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Russia Withdraws Support For International Criminal Court

Ukrainian tanks near the border with the Russian-controlled region of Crimea in August.
Aleksandr Shulman

Russia is withdrawing its support for the International Criminal Court after the court released a report accusing Russia of war crimes when it seized Crimea from Ukraine in 2014.

The move follows last month's announcements by three African nations — Burundi, Gambia and South Africa — that they intend to withdraw from The Hague-based court, alleging it is biased.

A statement on the Russian Ministry of Foreign Affairs' website announced "the intention not to become a party to the Rome Statute of the International Criminal Court." Unlike the three African countries, Russia signed the treaty establishing the court but never formally ratified the accord, so the withdrawal of its signature is largely symbolic.

The ICC report alleges that the annexation of the Crimean Peninsula "amounts to an international armed conflict between Ukraine and the Russian Federation."

"This international armed conflict began at the latest on 26 February [2014] when the Russian Federation deployed members of its armed forces to gain control over parts of the Ukrainian territory without the consent of the Ukrainian Government," the report continues.

According to Amnesty International, more than 9,000 people have died in eastern Ukraine since early 2014.

Among the events listed in the ICC investigation is the shooting down of a commercial jetliner in July 2014. The Malaysia Airlines plane carrying 298 people over eastern Ukraine was shot down by a Russian missile that had been transferred into rebel-held eastern Ukraine, and the launcher for which was returned to Russia after the shooting, a Dutch-led team of international investigators concluded earlier this year.

Kremlin spokesman Dmitry Peskov told Interfax-Ukraine that he disagrees with the ICC's characterization of what happened in Crimea as an armed conflict.

"Certainly, this wording absolutely contradicts the reality, it contradicts our position, and, what counts most, it contradicts the position expressed in a referendum by the citizens of Crimea, when they decided to become part of the Russian Federation," he told the news agency.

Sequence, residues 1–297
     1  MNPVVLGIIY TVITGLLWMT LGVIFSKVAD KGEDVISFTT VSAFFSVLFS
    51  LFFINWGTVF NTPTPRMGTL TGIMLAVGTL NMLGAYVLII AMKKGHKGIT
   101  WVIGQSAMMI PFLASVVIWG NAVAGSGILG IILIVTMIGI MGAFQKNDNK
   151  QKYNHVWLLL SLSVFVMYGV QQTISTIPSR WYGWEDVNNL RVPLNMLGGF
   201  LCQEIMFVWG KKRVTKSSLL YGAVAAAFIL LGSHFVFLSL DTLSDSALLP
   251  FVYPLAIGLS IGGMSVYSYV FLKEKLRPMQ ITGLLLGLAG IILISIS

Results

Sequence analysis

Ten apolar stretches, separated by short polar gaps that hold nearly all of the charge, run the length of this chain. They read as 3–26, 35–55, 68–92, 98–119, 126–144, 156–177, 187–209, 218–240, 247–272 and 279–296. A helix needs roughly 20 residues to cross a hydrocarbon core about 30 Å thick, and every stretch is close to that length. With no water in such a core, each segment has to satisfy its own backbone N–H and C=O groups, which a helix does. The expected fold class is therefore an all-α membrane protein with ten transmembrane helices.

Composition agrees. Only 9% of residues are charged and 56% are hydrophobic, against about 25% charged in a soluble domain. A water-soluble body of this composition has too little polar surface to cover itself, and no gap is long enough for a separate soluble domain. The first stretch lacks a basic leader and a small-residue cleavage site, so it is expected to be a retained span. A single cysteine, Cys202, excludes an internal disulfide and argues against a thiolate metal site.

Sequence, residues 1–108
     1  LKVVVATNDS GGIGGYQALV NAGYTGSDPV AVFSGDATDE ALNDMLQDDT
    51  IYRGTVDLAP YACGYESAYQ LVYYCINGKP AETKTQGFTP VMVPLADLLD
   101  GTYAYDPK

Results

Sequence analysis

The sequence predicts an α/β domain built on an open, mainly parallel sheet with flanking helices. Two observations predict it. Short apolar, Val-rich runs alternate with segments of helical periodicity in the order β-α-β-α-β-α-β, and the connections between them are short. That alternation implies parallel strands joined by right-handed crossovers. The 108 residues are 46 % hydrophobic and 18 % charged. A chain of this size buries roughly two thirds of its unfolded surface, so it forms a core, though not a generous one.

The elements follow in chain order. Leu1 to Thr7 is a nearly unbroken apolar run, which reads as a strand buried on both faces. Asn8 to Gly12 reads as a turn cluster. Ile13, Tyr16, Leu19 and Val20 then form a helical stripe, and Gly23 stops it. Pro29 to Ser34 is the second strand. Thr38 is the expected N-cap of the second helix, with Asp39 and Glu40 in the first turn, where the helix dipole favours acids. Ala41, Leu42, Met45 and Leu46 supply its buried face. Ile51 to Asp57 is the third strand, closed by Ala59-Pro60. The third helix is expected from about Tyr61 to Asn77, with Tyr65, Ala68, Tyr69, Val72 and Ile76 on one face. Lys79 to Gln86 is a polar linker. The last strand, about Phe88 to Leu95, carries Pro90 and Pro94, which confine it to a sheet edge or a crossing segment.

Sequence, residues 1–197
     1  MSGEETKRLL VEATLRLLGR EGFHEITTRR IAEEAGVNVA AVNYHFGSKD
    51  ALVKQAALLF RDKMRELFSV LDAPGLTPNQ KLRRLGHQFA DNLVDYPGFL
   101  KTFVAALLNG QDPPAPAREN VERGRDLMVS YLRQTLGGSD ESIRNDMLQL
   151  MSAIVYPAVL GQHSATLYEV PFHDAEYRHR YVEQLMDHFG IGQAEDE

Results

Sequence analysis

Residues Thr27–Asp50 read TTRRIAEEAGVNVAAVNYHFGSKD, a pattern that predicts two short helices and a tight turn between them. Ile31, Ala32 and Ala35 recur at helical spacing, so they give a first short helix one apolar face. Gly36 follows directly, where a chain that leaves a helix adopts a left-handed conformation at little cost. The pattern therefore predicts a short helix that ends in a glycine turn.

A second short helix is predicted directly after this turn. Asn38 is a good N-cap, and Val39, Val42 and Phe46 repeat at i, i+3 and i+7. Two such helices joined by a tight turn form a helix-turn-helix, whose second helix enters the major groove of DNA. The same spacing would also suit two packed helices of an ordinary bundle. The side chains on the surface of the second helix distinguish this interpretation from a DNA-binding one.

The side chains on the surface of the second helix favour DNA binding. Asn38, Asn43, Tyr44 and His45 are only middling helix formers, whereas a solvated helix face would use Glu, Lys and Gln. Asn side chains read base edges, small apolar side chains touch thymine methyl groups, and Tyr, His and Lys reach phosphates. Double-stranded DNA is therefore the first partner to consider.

Peskov was referring to a 2014 referendum in which the Kremlin said the majority of Crimeans voted to join Russia. As The Two-Way has reported, the U.N. General Assembly rejected the results of the referendum, saying it had "no validity."

The U.S. and Europe have responded to Russia's annexation of Crimea with economic sanctions making it more difficult for Western banks and companies to do business with Russia.

The same ICC report at issue in Russia's decision to withdraw also notes the court's investigation into alleged abuses by both the U.S. and the Taliban in Afghanistan.

The report alleges that "members of US armed forces appear to have subjected at least 61 detained persons to torture, cruel treatment, outrages upon personal dignity" between 2003 and 2014, and that "members of the CIA appear to have subjected at least 27 detained persons to torture, cruel treatment, outrages upon personal dignity and/or rape," between 2002 and 2008.

State Department spokeswoman Elizabeth Trudeau said the U.S. doesn't believe an ICC investigation is "warranted or appropriate," according to The Associated Press.

The U.S. is not a member of the ICC.

Copyright 2020 NPR. To see more, visit https://www.npr.org.

Rebecca Hersher is a reporter on NPR's Science Desk, where she reports on outbreaks, natural disasters, and environmental and health research. Since coming to NPR in 2011, she has covered the Ebola outbreak in West Africa, embedded with the Afghan army after the American combat mission ended, and reported on floods and hurricanes in the U.S. She's also reported on research about puppies. Before her work on the Science Desk, she was a producer for NPR's Weekend All Things Considered in Los Angeles.
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